These are the 12 recipients of the 2021 Danielle Prize:

  • Dr. Amin Bathish of Daliat-el-Carmel was born in Kfar Mas’adeh on the Golan Heights, studied medicine at Damascus University in Syria and returned to Israel to treat patients in Clalit Health Services’ Haifa and Western Galilee region. In 2019, he was voted “outstanding lecturer” at the Technion-Israel Institute of Technology's Rappaport Faculty of Medicine.
  • Dr. Yehoram Biron of Kiryat Yam studied medicine at the University of Bologna in Italy and went on to study at Tel Aviv University’s Sackler Medical Faculty. He has worked in Ha’emek Medical Center in Afula and Bnei Zion Medical Center in Haifa, but he won the prize for his work as a health fund physician and was even chosen as one of its “Outstanding Physicians.”
  • Dr. Nino Blum of Ashdod was born in Tbilisi, Georgia, and earned her medical degree there. After her aliyah, she did her residency in internal medicine at Tel Aviv Sourasky Medical Center and since 2005 has been a health fund physician in Ashdod, earning the admiration of her patients.
  • Dr. Ilanit Branstein of Rishon Lezion was born in Beersheba and studied medicine in Romania. She has been a family medicine specialist since 2011 and works in two health fund clinics where she devotedly treats several generations of patient families.
  • Dr. Paul Gaon of Modi’in was born in London and specialized there in the treatment of premature infants. He wrote a book in 2014 widely read by colleagues on pediatric medicine titled Paediatric Exams: A Survival Guide. Working in health fund clinics, he was voted “Oustanding Physician” in 2006.
  • Dr. Adam Hurvitz of Tel Mond was born in Moshav Tzur Moshe near Netanya and earned his medical degree at Ben-Gurion University. Now a family medicine specialist, he treats patients with dedication in the Sharon region.
  • Dr. Jacqui Hertzlich of Bnei Brak was born in Belgium and studied medicine in Slovakia. Specializing in pediatrics and neonatology, he works in a health fund clinic and is in charge of the premature baby unit at Tel Aviv Sourasky Medical Center.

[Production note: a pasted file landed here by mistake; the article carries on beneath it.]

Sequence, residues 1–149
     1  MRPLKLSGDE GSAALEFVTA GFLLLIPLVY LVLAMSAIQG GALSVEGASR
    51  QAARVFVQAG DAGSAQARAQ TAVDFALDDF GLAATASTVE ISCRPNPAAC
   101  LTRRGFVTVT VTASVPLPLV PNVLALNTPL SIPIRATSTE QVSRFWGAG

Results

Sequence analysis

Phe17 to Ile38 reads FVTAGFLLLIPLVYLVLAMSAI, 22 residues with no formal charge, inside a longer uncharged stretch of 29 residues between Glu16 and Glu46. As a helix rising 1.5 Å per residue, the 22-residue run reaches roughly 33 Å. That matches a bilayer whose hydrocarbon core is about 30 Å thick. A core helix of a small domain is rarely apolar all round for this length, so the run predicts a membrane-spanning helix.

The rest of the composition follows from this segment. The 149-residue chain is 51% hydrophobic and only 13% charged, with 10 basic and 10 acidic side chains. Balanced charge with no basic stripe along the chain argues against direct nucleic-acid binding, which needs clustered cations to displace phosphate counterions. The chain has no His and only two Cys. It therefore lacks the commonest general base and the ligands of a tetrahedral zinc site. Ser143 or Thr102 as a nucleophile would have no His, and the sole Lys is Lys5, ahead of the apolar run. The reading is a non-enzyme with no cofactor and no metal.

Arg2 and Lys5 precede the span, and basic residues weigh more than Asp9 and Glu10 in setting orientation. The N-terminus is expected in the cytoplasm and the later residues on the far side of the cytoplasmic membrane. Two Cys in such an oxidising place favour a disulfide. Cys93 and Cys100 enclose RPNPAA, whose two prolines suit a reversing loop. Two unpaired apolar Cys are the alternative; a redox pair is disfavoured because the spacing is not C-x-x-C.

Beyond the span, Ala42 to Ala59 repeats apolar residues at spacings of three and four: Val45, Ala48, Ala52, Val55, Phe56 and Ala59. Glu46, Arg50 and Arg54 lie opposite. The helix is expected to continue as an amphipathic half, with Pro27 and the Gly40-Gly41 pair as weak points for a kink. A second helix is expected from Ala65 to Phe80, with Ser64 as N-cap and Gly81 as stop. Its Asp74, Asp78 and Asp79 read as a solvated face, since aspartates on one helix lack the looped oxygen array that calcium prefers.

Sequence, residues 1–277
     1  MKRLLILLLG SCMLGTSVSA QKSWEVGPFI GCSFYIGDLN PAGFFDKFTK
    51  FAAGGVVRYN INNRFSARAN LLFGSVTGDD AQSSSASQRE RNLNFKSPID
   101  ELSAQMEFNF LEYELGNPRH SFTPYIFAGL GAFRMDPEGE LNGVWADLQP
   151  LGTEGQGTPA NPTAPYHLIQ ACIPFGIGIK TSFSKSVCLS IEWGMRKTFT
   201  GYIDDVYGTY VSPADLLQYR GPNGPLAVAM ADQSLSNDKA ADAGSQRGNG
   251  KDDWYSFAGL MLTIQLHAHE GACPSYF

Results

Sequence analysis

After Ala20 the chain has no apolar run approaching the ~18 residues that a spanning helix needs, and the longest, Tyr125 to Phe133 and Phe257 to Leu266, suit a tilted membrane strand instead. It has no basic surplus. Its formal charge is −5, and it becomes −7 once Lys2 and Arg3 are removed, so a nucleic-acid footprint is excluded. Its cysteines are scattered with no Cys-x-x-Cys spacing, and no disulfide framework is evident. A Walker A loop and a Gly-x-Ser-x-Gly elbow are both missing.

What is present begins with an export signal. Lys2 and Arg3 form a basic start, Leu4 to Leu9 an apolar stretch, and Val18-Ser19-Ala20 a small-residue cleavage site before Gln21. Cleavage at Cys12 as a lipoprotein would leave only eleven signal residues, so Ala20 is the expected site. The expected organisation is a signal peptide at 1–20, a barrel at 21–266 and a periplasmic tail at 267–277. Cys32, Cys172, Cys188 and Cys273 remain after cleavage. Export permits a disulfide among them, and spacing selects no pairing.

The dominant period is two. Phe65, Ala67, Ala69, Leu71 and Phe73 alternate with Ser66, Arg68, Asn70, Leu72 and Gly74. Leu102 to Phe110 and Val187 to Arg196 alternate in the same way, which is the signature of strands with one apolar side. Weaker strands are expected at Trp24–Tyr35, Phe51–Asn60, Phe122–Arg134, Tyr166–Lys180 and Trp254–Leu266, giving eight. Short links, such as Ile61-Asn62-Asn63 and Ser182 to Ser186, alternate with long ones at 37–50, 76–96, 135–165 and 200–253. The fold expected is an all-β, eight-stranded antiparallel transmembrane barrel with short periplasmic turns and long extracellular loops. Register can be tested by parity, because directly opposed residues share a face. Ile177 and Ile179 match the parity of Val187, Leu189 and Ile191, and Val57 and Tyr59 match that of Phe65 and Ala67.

• Dr. Orsan Yihye of Migdal Ha’emek and Nazareth was born in the North and studied medicine at the Technion’s medical faculty and medical administration at the University of Haifa. He runs hospice care and treats children with mental disabilities for a health fund in the North, always showing empathy and greeting patients with a smile.
  • Dr. Sofia Lavie of Herzliya was born in Russia and earned her MD at Tel Aviv University a decade ago. She treats family medicine patients in Herzliya and diabetics in Petah Tikva. In the spring, she was part of an Israeli medical delegation to treat Ukrainian refugees on the border with Moldova.
  • Dr. Vered Nahmias-Friedler of Givat Shmuel and Bnei Brak was born in Tel Aviv and studied in the city’s medical faculty, specializing in pediatrics and then in pediatric gastroenterology, liver diseases and nutrition. At her health fund clinics, she was the first to report a repeat infection of COVID-19 early in the pandemic.
  • Dr. Miki Stein of Kiryat Ata was born in Haifa and received his MD at the Technion, after which he served as a physician in the Israel Defense Forces specializing in pediatrics. He now works in a health fund clinic.
  • Dr. Hila Shmul-Katz of Yavne was born in the city and studied medicine in Romania, returning to specialize in family medicine. She runs a primary medicine clinic in Yavne where she tries to see illness through the eyes of her patients.